Something full of water - a plastic bottle, a balloon - fell from above, just missing one man as it splattered on the street.

. . .

The coals of an Argentine asado are best when the red center is fighting and crackling for life, spitting back dripping fat, kicking beneath a coat of ash.

The coals are set in a thin layer, perhaps a coal or two thick, under a grill covered with chorizo, blood sausage, sweetbreads, and ribs, with and without the bone.

On the second day, I woke after noon and wandered across the long yard to the quincho, a low building of brick and wood and sliding glass doors, where I found Victor Dvoskin, Gabriel's father and our host.

Victor sliced stout links of blood sausage and set them on the grill. He spread hot coals beneath.

"Better skip your breakfast," he said with a laugh.

Victor, 56, began tasting the art of the asado as a student, when he supported the Peronistas' struggle to bring their man back to the country, and power, and later, when he worked against the military regime that flew opponents over the wide sweep of the Rio de la Plata and pushed them out. Victor refined the timing of dripping fat and even heat as new, democratic leaders tied the weaker peso to the dollar, then corrupted their big plans to sell off the country's assets.

"Being of my generation, I have seen five crises, more," Victor told me. "This is the worst."

I asked why.

"Now people don't believe in anything," he said.

Victor opened a bottle of Malbec, grown in the foothills of the Andes, and poured the rich, dark wine.

. . .

The red and white banners whipped and the north stands rocked as the player in the red and white jersey watched the ball he had kicked come to rest in the back of the net.

On this Sunday, the stadium was more empty than full, more an echoing chamber of chipped bleachers and faded advertisements that spoke of earlier, grander days, like the national team's World Cup in 1978.

This was the first game of the season, so only the River Plate faithful turned out to sit beneath jets circling into the riverfront airport and watch their heroes play a team from the provinces.

Above it all, in a box of sweat and banter that measured 6 feet by 6 feet, Victor Hugo Morales, the best-known voice in South American futbol, tracked every pass and trap and trip with hurried words.

Morales's voice had also chased Maradona and the ball across the field in the 1986 World Cup quarterfinal against England; his gasping "genio," "genio," "genio" had the nation wondering until the euphoric "ta ta ta, ta ta ta. . . . "GOOOOOOL!!!!"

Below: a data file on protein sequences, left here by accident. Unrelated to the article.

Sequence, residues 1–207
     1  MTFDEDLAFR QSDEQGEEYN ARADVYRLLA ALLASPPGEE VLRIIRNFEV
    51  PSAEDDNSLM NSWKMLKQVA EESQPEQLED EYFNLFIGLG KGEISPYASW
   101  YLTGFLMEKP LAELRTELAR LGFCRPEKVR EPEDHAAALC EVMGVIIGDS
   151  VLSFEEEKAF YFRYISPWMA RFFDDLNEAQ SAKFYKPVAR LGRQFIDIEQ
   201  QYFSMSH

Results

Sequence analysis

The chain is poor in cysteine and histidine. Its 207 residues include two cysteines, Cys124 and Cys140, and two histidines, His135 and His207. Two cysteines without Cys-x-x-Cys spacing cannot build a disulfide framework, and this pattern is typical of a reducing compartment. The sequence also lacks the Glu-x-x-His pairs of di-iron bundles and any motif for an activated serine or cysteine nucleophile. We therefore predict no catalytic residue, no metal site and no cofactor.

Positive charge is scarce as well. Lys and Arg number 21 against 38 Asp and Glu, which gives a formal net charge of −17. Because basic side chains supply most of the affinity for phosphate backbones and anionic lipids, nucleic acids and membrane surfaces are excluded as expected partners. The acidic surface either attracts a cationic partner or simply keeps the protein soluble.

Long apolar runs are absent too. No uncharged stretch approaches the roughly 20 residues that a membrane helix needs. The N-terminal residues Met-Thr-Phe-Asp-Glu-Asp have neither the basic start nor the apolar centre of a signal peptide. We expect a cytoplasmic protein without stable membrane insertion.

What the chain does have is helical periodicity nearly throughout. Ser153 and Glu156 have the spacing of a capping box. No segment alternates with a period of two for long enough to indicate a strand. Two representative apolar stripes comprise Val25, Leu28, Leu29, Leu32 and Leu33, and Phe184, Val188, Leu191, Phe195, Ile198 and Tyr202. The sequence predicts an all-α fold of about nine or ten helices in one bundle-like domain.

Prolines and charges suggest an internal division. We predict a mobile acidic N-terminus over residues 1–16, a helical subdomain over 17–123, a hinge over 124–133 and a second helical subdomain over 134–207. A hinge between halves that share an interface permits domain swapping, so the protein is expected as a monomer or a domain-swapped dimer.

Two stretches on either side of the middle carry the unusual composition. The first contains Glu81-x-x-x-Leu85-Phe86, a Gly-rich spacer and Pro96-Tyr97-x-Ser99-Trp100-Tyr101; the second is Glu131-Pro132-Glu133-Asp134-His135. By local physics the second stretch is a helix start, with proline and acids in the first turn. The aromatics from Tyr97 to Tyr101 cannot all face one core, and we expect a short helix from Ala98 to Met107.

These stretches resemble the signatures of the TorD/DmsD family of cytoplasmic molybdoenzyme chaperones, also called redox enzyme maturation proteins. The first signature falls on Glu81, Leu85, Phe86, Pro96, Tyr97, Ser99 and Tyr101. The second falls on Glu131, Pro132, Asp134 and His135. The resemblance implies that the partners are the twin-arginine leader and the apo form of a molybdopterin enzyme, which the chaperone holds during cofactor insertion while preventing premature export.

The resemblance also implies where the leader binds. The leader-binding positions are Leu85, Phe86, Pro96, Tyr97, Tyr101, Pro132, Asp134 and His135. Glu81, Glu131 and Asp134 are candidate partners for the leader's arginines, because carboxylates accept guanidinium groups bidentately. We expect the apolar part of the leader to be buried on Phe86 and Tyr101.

"Diego Armando Maradona," Morales had cried. "Thank you, God, for futbol, for Maradona, for these tears."

Morales pointed to the resting River Plate stands.

"Look, for these people, now, every day is a loss. This afternoon, all they have is River," he said. "The only chance they have for good today is if River brings them good. If not, if River loses, 100 percent is lost."

A colleague was tapping Morales's shoulder, pushing a headset toward him. The players were already back on the field. Morales turned and drew a breath.

. . .

Twenty-two miles south of Buenos Aires, the first horse hung its head and grazed. At 34 miles, the first gaucho, on another horse, chased a cow.

A few miles past, beyond the abandoned, stately pulperia where the gauchos used to quench their thirst, in among the grid of paved streets of central Lobos, population 16,000, Dora Ciccarelli sat in her pressed white blouse and soft skirt and waited.

Earlier in the day, Alessandro Gori, the Italian who rode next to me in the Honda's back seat, had called Dora and explained that, as a favor to a friend in Italy, he was carrying $730 that he would deliver to her. The friend, Dora's relative, wanted to help Dora who, like so many Italian immigrants and their descendants, calls Argentina home.

Dora rose and smiled. There were handshakes and kisses on the cheek and then Dora turned and led the way through the wooden doors to a round dining table and cold soda and Quilmes beer. The apartment, with tile floors and wood-paneled walls, was cool and private. High ceilings gave the place a certain dignity.

There was genuine, but awkward talk about Argentina and Italy and then about how Dora earns a pension of 200 pesos a month. That would stretch thinner when inflation, already lurking, gained speed.

An unseen radio in the kitchen broadcast a slow, tinny tango. Alessandro pulled close to Dora and slipped the money into her hands.

. . .